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1156 in Jervaulx, United Kingdom

Jervaulx Abbey

Recipe - told by Lilliana Grbic

The abbey at Jervaulx was founded by Acarius FitzBardolf, near the beginning of King Henry II's reign in 1156 . This great Cistercian abbeys of Yorkshire, was dedicated to St Mary after Abbot John had a dream or vision.

Jervaulx was originally located a few miles away, in the Vale of Ure. However, the land proved to be poor for farming and monks and their first abbot, John de Kingston, complained that the site was unsuitable for their needs. Therefore they decided to remove their monastery to a better location at Witton. Now it is located in a peaceful valley setting in East Witton, This area is today known as Wensleydale. Jervaulx Abbey was passed down through numerous families after the Dissolution of the Monasteries and eventually turned into a romantic garden.

Drawing from Wenslay church

Jervaulx Abbey is the original home of Wensleydale cheese, previously known as Cover Bridge cheese, The original recipe was perfected by the monks. They also cultivated large herb and flower gardens and bred horses. Sadly the abbey was destroyed during Henry VIII’s Dissolution of the Monasteries. The last abbot was imprisoned in the Tower of London, where his signature remains carved into the wall of his cell.

Wensleydale cheese

It remains in private ownership to this day, and the current owners opened a tearoom in 1994. Jervaulx Abbey is open to the public and relies on donations to maintain it. The standing remains of the abbey include part of the church and claustral buildings, as well as a watermill. 

The Jervaulx Abbey ruins hosts more than 180 varieties of wildflower.

There’s a beautiful scenic walk that starts at the Abbey and incorporates Witton Fell, parklands of Wensleydale and the hamlet of Low Thorpe. It takes approximately three hours and is a 9km circular route. To make a cheese according the local recipe included, takes approximately 10 hours.

Steps

1.

Sterilise all equipment in boiling water for 15 min. If not possible to boil, wipe with down with vinegar and a boiled cloth. If you handle the milk or curds or finished cheese, spray vinegar on hands and rub together until dry. That way the milk will not get infected by any wild yeasts or moulds that maybe on hands.

2.

Using a double boiler, heat the milk to 30°C . If using homogenised milk, add calcium chloride to 2 tablespoons water and mix to the milk gently.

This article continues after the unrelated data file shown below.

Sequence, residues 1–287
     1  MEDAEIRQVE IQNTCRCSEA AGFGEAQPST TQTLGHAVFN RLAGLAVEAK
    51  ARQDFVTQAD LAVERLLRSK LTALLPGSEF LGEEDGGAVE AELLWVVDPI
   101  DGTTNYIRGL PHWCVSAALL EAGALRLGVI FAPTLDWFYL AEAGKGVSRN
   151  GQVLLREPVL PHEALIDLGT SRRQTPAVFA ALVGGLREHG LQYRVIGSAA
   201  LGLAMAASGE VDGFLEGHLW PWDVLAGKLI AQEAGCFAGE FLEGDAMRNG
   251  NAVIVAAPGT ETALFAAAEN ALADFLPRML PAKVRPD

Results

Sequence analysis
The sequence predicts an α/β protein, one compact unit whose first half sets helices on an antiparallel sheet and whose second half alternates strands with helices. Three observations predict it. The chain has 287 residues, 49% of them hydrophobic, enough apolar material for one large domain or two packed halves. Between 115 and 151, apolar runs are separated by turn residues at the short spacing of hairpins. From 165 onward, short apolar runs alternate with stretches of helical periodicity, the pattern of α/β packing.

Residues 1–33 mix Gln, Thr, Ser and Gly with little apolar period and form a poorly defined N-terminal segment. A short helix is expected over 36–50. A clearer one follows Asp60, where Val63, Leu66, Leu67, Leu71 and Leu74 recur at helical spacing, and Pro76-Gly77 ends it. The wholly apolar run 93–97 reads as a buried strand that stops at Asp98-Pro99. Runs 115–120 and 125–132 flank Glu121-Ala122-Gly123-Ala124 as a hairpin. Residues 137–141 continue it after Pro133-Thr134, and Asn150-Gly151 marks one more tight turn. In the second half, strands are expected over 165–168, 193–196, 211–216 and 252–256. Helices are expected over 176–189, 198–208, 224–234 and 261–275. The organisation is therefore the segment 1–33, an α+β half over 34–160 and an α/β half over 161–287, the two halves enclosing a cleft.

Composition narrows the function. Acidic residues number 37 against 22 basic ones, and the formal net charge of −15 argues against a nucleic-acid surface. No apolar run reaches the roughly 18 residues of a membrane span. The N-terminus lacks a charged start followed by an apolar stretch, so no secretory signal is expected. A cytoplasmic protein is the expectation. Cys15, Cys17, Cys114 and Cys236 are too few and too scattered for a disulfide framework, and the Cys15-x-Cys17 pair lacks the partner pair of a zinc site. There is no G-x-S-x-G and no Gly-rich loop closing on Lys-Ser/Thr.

3.

Add Mesophylic starter, mix well for a minute, cover and allow milk to ripen for 45 minutes.

4.

Add rennet whilst stirring and stir bottom to top for 2 minutes. Rennet is an enzyme used to coagulate milk, in order to form a thick curd. Rennet begins working at temperatures between 30°C and few degrees above. Rennet continues setting milk within the correct temperatures. So, when the recipe states, it is time to cut the curds, it is important to do so in a timely manor. Otherwise, the curd can become too firm for the cheese you are trying to make.

5.

Cover and allow to stand for 45 minutes until the curd sets, maintaining the temperature. Test with your finger for a clean break in the curds, then cut the curd into 13 mm cubes and allow to rest for 5 minutes.

6.

Stir the curds and whey for 10 minutes, then let rest for 15 minutes. Stir the curd again as you raise the temperature to 32°C. Maintain this temperature, and stir the curd as often as necessary to stop the curd knitting together. Do this for 2 hours.

7.

Drain the whey off and ladle the curd into a colander lined with cheesecloth. Tie in a bundle and for 2 hours, open every 15 minutes to break the curd into small pieces.

8.

After the two hours break up the curd for one final time and apply the salt. Mix the curds and salt well.

9.

Place half the curd into a cheesecloth lined 1 kg cheese basket and apply a layer of sterilised sage leaves (sterilise on clean oven tray at 120°C for 10 minutes), pressing down well.

10.

Fill with remainder of curd and press at 5 kg for 15 minutes. Carefully remove cheese from cloth, turn over and press at 25 kg for 12 hours.

11.

Remove from press and cheesecloth. Place on a board and allow to dry for 2 days.

12.

Apply wax and store at 13-15°C at 80-85% humidity. Can be eaten in 3 weeks or aged for up to 3 months.

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